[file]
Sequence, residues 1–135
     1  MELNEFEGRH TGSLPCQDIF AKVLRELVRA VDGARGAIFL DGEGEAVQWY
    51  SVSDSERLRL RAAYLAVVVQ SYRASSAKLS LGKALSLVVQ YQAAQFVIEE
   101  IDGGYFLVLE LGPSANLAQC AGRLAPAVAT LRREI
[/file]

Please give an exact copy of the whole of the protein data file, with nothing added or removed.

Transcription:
Sequence, residues 1–135
     1  MELNEFEGRH TGSLPCQDIF AKVLRELVRA VDGARGAIFL DGEGEAVQWY
    51  SVSDSERLRL RAAYLAVVVQ SYRASSAKLS LGKALSLVVQ YQAAQFVIEE
   101  IDGGYFLVLE LGPSANLAQC AGRLAPAVAT LRREI